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today's leftovers

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  • The emergence of governance norms in volunteer-driven open source communities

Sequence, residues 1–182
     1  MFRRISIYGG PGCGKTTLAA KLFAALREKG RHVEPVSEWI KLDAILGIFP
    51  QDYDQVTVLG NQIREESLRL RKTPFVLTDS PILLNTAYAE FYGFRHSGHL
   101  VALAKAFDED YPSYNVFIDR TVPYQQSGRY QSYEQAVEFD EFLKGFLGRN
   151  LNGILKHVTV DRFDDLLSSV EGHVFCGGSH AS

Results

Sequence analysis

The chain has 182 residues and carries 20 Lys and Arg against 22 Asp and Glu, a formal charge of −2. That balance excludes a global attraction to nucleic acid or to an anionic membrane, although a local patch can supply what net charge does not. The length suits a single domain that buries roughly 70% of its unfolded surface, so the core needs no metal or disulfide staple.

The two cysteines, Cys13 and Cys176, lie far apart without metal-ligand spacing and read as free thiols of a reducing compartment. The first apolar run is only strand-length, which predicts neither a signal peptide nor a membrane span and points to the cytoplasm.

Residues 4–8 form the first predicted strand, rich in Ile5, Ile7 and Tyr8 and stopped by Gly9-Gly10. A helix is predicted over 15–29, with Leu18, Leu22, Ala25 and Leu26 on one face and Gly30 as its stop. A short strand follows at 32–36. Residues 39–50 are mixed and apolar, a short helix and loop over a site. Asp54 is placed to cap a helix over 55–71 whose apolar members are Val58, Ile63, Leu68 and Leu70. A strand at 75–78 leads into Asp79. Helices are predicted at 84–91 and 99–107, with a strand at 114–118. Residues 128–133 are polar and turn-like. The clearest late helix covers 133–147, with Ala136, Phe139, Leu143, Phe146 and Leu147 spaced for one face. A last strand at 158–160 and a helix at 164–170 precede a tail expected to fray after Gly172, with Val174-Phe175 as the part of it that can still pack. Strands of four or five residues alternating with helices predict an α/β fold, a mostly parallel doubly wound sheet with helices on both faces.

Free and open source software communities develop their governance norms and practises as they grow from small to medium to large sized social groups. Communities with a small number of participants typically organise informally. As the community grows, the need for coordination grows as well and at some point, a more structured organisation becomes necessary. The growth stages are defined by the coordination mechanisms applied – ad-hoc coordination for the initial small group, consensus focused auto-organisation for the medium sized group, and structured, more formalised coordination for the large sized group. The main interest of the communities is to attract and retain contributors and to facilitate contributions to their products. The communities studied in this qualitative embedded multiple-case study, exhibit governance related debates and conflicts, as they reached a large size, leading to difficulties in further growing the number of involved contributors and sustaining the community activities. The paper researches the emergence of governance norms in these communities and the role these norms, once established, play in the management of the communities in their then current stage. The study finds that the governance norms in communities are commonly developed by participants that do not think them necessary, for a community that does not want them at the time. The result is frequently implicit, under-documented norms that increase barriers to entry for newcomers and allow incumbent contributors the instruments to derail unwanted decisions. The paper focuses on the essential contradiction between the communities’ aim to maintain devolved authority at the contributor level and a requirement for effective decision making and policing mechanisms to implement and maintain that. It recommends that communities, instead of deferring or down-playing the need to set up explicit governance norms, purposefully develop norms that explicitly define structure and processes so that they support, enforce and protect the devolved authority their participants should have and encourages new participants.